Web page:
Cooler Master Aero1 ASB-V73-U1 Copper Heatsink Review
Remember the German-born Noisecontrol Silverado heatsink that came out a few years back? Well the Coolermaster Aero ASB-V73-U1 uses a similar configuration, with a few distinctive differences of course. Where the Silverado used a rather lack-luster extruded aluminum heatsink - albeit coupled with a pure silver disk - the Coolermaster Aero1 uses a full copper skived body. The Silverado also used two squirrel cage fans for air delivery because of their lower noise output. Coolermaster use a relatively loud squirrel cage fan on the Aero1, though it is a custom unit that exhausts air over an area of about 50x55mm.
Squirrel cage fans have a couple of benefits over standard vaneaxial fans when it comes to lower-noise heatsinks, though they don't tend to deliver nearly as much air. One of the prime reasons these types of fans can make a good air delivery source for a heatsink is that their exhaust is uniform - in other words there are no dead spots. A vaneaxial fan on the other hand will tend to have a dead spot right below the motor. Since most fans sit squarely up on the heatsink itself this puts the dead spot directly above the hottest section of the heatsink.
When Frostytech first started out three years ago we did some testing with squirrel cage fans and if I remember accurately the type we tested with were good, but not necessarily 'better' due to the typically lower CFM rating. At the time we discovered a better solution to vaneaxial fan dead spots in the form of Angled Fan Orientation (AFO) and went with that. AFO is beyond the scope of this review, however you can see an example of it in the FrostyTech GF4TEC project if you're interested in the technique.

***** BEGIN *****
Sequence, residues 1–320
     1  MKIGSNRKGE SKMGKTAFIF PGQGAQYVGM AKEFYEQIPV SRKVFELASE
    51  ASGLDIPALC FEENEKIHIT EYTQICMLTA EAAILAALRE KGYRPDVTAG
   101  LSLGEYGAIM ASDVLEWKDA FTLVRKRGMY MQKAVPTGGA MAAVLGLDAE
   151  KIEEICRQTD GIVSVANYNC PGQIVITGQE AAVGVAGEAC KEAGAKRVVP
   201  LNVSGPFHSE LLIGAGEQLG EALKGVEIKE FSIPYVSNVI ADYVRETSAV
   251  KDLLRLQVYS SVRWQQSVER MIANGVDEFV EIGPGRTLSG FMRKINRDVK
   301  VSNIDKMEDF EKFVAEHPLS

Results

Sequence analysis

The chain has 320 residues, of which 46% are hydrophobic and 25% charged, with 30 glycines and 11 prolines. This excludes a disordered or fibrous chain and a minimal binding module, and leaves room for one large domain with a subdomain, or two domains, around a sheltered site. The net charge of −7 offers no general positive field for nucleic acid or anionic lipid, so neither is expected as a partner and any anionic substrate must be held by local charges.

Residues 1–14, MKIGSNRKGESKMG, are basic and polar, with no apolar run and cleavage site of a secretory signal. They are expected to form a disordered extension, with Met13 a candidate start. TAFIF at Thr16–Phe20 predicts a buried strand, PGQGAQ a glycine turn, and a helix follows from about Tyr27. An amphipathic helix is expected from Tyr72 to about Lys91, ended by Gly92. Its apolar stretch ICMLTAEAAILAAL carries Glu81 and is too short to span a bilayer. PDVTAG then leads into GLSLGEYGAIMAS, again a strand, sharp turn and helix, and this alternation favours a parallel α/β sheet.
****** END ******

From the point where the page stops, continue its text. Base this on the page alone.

The Coolermaster ASB-V73-U1 Aero1 comes with a small potentiometer that is hardwired directly into the squirrel cage fan. The potentiometer enables the user to manually adjust fan speed between 1900RPM-4500RPM with the turn of a dial. The upside to this configuration is that user can tune the computer to be as noisy or quiet as desired. The downside is that this is not a dynamic adjustment - meaning that if the computer is put under load and the processor thermals rise up, the heatsink won't automatically compensate and kick up the fan's RPM.
Because the fan draws as much as 1.2A of current, the fan get its power from a standard molex pass through connector. A separate three-pin jack plugs into the motherboard to deliver the single RPM signal.
With the Coolermaster ASB-V73-U1 Aero1 heatsink comes a 3.5" aluminum bay cover and standard steel expansion slot PCI bracket. The fan-speed potentiometer can be bolted to either of these face plates (lead wires are 19" long) with the intent of allowing the user to control fan speed without having to crack open the case and poke around inside.
If you have an aluminum case, you'll be pleased to see that the 3.5" aluminum bracket is tastefully done, and should in nicely. By mounting the dial on the PCI bracket you can put it in a less obvious location at the rear of the PC. However, since the potentiometer is not removable from the heatsink it has to go in either one of these locations. The component itself is primarily metal, so leaving it dangling around in the case could be a quick route to shorting out the videocard or motherboard.
The Aero1 fan is an interesting fan as far as computer cooling goes. There hasn't been many other AthlonXP heatsinks, if any, that make use of a fan like this. Nvidia's GeforceFX 5800 Ultra has had the pleasure of being equipped with a monster squirrel cage fan, so I'm kind of left wondering if this is an offshoot of that application.
Anyway, it will be interesting to see if Coolermaster begin selling this fan by itself in the near future. Now let's take a closer look at the Aero1 and see what really makes it tick!
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